In Goetz v. Hand, 185 Kan. 788, 347 P.2d 349, it was said:*142 "We therefore hold in a criminal action where counsel is appointed to represent an accused who is sentenced to imprisonment upon his plea of guilty, a judgment record showing full compliance with the jurisdictional requirements of 62-1304, supra, insofar as applicable, is prima facie evidence to prove that the primary rights of the accused to a trial have been safeguarded as provided in the statute, and the uncorroborated statements of the accused in a subsequent habeas corpus action are insufficient to overcome this evidence...." (l.c. 793, 794.)
The contention that plaintiff was denied the effective assistance of counsel because of the brevity of time he had to consult with counsel is supported only by his uncorroborated statement. In fact, the record shows otherwise. It reveals, as previously stated, that the district court inquired of plaintiff if he had talked with Mr. Hyter and his answer was that he had.
Plaintiff's replies to the court's inquiries clearly and unequivocally show that he must have been completely satisfied with the advice and assistance he received the day before when he discussed his case with counsel, otherwise he would not have accepted Mr. Hyter's services when the court asked if he was willing to have Mr. Hyter represent him.
Plaintiff's own statements which affirmatively show his satisfaction with Mr. Hyter's services and which, we may add, negates any subsequent idea he may have received as an afterthought, would put an abrupt end to this appeal. For this reason alone the judgment of the district court was correct and should be affirmed. However, it is not necessary that we rely solely or limit our holding based upon plaintiff's remarks during this inquiry.
Rule 121 (g) of the Supreme Court reads:"BURDEN OF PROOF. The movant has the burden of establishing his grounds for relief by a preponderance of the evidence. The uncorroborated statements of the movant shall be insufficient to sustain the burden of proof."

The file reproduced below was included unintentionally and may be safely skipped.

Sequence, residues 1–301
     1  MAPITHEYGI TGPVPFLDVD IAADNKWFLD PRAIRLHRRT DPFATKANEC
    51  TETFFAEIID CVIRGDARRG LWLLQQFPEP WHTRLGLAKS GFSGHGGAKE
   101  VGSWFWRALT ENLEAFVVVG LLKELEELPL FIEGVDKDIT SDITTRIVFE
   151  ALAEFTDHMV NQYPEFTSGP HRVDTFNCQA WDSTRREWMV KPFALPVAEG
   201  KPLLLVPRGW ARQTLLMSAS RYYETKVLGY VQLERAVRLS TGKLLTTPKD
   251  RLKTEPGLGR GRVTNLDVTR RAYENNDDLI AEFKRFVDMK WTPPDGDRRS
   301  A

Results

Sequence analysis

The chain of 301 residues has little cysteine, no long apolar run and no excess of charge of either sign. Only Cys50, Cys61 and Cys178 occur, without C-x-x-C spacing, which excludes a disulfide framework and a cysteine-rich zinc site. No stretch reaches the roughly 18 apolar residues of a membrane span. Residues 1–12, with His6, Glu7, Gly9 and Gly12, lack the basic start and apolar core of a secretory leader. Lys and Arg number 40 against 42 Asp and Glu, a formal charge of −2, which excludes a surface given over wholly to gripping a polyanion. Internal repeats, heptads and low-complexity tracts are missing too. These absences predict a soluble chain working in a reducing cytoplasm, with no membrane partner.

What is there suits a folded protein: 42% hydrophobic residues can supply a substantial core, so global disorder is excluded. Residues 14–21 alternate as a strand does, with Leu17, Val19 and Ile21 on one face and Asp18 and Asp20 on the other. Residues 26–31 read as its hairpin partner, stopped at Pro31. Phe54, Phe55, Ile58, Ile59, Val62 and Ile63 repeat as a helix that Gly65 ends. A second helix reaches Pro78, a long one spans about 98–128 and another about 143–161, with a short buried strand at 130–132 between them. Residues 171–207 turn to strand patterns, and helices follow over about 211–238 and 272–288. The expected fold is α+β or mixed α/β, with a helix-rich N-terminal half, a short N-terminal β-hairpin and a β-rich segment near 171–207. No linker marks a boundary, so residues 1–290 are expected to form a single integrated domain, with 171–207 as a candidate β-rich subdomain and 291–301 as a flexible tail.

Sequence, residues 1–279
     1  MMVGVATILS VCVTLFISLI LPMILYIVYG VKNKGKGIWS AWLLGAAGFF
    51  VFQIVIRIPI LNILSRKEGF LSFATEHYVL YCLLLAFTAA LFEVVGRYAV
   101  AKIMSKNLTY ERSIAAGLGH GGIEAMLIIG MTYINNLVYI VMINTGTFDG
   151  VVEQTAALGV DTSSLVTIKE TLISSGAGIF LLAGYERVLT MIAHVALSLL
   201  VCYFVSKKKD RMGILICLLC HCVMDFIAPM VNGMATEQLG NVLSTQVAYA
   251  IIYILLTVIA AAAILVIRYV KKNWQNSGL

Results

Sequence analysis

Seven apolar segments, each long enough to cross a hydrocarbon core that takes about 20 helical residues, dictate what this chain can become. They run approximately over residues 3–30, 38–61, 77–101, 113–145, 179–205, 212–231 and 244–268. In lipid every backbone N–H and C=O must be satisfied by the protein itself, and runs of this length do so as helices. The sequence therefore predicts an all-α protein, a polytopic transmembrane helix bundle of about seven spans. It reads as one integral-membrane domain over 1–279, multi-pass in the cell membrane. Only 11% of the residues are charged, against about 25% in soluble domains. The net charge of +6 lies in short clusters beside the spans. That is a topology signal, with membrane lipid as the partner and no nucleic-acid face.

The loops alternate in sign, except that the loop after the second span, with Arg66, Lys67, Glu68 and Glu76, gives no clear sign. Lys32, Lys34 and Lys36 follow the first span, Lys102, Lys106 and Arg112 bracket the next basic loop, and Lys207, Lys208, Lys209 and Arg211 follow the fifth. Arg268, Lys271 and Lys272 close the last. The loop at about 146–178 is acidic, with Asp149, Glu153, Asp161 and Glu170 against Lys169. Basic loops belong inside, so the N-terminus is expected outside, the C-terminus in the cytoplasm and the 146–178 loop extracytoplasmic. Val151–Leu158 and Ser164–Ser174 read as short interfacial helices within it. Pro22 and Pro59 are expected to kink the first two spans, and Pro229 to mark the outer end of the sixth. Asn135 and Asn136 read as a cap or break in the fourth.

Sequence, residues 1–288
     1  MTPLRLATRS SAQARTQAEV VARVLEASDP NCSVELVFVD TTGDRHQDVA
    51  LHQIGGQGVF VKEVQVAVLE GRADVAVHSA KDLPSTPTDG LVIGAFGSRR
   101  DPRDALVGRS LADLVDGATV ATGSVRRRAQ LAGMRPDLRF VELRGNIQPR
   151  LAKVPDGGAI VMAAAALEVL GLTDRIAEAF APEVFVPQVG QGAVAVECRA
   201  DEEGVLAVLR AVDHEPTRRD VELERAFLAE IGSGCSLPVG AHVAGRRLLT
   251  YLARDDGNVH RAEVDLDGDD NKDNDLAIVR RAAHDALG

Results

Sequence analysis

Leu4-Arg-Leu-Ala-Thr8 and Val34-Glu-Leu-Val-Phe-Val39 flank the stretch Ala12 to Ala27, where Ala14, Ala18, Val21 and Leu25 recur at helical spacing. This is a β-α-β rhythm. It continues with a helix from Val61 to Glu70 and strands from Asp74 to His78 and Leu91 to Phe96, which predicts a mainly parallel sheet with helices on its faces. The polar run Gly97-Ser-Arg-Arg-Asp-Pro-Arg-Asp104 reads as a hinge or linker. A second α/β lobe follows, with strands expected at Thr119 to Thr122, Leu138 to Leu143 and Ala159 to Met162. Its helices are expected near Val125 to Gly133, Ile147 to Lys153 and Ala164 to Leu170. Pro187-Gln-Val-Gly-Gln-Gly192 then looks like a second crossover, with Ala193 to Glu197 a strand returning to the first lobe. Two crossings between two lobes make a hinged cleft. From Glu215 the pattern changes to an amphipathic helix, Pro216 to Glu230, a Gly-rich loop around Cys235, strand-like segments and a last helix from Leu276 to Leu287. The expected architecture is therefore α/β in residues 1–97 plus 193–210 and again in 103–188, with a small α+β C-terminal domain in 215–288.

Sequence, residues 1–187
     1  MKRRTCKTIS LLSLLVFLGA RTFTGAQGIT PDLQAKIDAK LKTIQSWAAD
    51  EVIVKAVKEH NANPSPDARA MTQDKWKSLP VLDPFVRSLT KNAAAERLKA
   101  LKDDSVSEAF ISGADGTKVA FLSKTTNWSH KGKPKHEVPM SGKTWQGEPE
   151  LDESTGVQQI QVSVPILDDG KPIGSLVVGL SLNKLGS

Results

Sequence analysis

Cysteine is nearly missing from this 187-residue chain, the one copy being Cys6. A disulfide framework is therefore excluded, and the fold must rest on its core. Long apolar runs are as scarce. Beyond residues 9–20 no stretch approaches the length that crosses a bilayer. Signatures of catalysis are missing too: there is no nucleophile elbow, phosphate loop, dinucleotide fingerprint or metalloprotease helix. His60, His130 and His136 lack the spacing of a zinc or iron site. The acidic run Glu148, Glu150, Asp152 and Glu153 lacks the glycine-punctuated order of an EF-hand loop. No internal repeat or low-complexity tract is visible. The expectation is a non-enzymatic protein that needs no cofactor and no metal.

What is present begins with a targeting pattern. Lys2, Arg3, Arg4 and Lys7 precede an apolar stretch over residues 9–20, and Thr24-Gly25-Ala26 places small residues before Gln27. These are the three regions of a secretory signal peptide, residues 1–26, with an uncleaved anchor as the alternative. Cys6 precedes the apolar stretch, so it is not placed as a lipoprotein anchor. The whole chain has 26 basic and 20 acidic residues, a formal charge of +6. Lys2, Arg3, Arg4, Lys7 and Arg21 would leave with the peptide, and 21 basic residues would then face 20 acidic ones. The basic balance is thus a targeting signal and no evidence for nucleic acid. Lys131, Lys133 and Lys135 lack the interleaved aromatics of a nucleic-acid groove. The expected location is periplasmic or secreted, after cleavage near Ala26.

The rule that the unsupported and uncorroborated statements of a defendant do not sustain the burden of proof is well established in this state. In Williams v. Crouse, 193 Kan. 526, 394 P.2d 96, it was said:"... The appellant's conviction ... carries a presumption of regularity, and where one convicted of a crime attacks such judgment ... on the ground that his constitutional rights were violated, he has the burden of proof to establish such fact by a preponderance of the evidence. (Andrews v. Hand, 190 Kan. 109, 121, 372 P.2d 559.) That burden is not sustained by his unsupported statements. (McGee v. Crouse, 190 Kan. 615, 376 P.2d 792; Hardman v. Hand, 190 Kan. 148, 149, 373 P.2d 178.)" (l.c. 530.)
*143 See, also, Prater v. Hand, 185 Kan. 405, 345 P.2d 634, where it was stated:"The established rule of this jurisdiction is that the unsupported and uncorroborated statements of the petitioner in a habeas corpus proceeding do not sustain the burden of proof or justify the granting of a writ where as here the judgment rendered is regular on its face and entitled to a presumption of regularity and validity and all of our decisions so hold. See, e.g., Thomas v. Hand, 184 Kan. 486, 486, 337 P.2d 651; Stebens v. Hand, 182 Kan. 304, 309, 320 P.2d 790; Ferguson v. Hoffman, 180 Kan. 139, 141, 299 P.2d 596; Cunningham v. Hoffman, 179 Kan. 609, 611, 296 P.2d 1081; Hartman v. Edmondson, 178 Kan. 164, 166, 283 P.2d 397; Dionne v. Hudspeth, 166 Kan. 72, 73, 199 P.2d 176; Kendall v. Hudspeth, 162 Kan. 307, 308, 176 P.2d 254." (l.c. 407.)
After a complete review of the record, we hold that the plaintiff did not sustain his burden of proof.
Other contentions, although neither argued nor briefed but contained in the statement of points, have not been overlooked, but have been examined, and found to be completely lacking in merit, and the district court did not err in denying relief.
The judgment is affirmed.